With San Diego Comic-Con International quickly approaching, many comic book fans have one big thing on their minds: the world premiere of The Killing Joke film by DC Comics. The animated version of one of the most popular and controversial story lines with a juicy R-rating from the MPAA will screen during SDCC this year in July before release of the film for the rest of us. One person not so happy about the release of the film is the creator of the comic book, Alan Moore, but why is the creator of the story unable to control his copyrighted work?
Alan Moore is the notoriously prickly creative genius behind original print versions of The**Killing Joke, Watchmen, V for Vendetta, and* The League of Extraordinary Gentlemen. The Killing Joke*, published as a graphic novel in 1988 by Alan Moore and DC Comics, is widely regarded as the best comic in Batman’s universe. The graphic novel’s origin story for the Joker with his “one bad day,” and its controversial plot are cherished by fans of the darker side of Batman. The plot focuses on the Joker’s attempts to drive Commissioner Jim Gordon insane by abducting his daughter and subjecting her to various forms of violent torment while Gordon is forced to watch on a twisted ride through a run-down amusement park. With “The Killing Joke,”Alan Moore pushed the limits for Batman and the Joker’s eternal battle, acknowledging that their strife could only end with the death of the other. The last page of the novel includes a dark, rainy scene that has been solidified in comic history as one of the best scenes between Batman and the Joker.
What would Mr. Moore think of DC’s newest adaption of his work? Judging by his testy interviews about DC over the past decade, Moore probably isn’t too thrilled. Regarding film in general, Moore has been famously quoted with, “[Hollywood] spoon feeds us, which has the effect of watering down our collective cultural imagination. It is as if we are freshly hatched birds looking up with our mouths open, waiting for Hollywood to feed us more regurgitated worms.” He has stated that he fervently believes that his creations should remain in print form, and even went as far as to refuse accreditation on the film adaptions of his work and any revenue generated by them.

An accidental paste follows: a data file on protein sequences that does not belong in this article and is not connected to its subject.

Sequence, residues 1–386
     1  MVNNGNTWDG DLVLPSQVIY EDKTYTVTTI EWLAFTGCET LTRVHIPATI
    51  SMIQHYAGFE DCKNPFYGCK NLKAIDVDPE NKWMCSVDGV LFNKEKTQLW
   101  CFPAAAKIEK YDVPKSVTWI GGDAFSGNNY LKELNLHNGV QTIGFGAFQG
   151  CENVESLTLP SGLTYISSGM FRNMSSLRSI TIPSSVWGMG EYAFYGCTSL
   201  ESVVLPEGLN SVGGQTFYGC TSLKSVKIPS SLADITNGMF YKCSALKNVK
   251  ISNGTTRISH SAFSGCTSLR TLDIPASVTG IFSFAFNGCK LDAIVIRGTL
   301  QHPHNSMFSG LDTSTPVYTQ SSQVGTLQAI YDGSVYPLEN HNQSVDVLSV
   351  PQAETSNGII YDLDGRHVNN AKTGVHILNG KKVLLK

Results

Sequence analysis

So, why can’t Moore prevent the film adaptions of his works? You guessed it: ownership rights. Back in the 80’s, when Moore worked for DC, he signed a contract encompassing all of his creations to be owned by DC, with a reversionary clause that would kick in after one year if DC decided not to print his creations. During his time at DC, Moore created some of the best graphic novels of all time (Watchmen, V for Vendetta, The Killing Joke, etc.) and of course, to this day DC continues to print them, rendering his reversionary clause utterly useless. Moral of the story: Have an attorney check those contracts!
Ultimately, Moore can’t kill The Killing Joke even if he desperately wants to. Signs show that he may actually quietly support this adaption, as his named accreditation is portrayed instead of the usual “Original Writer.” Perhaps the film’s comic book form is what Moore tolerates, or maybe the material in this adaption is close enough to be what Moore always wanted for his work. Warner-Bros. Animation President, Sam Register, stated “[f]rom the start of production, we encouraged producer Bruce Timm and our team at Warner Bros. Animation to remain faithful to the original story, regardless of the eventual MPAA rating. We felt it was our responsibility to present our core audience, the comics-loving community, with an animated film that authentically represented the tale they know all too well.”
So if you as an artist, writer or creator and want control of your work, be careful what you sign. As many comic book legends have learned, even if they created something it doesn’t necessarily mean they own it or have creative control over it.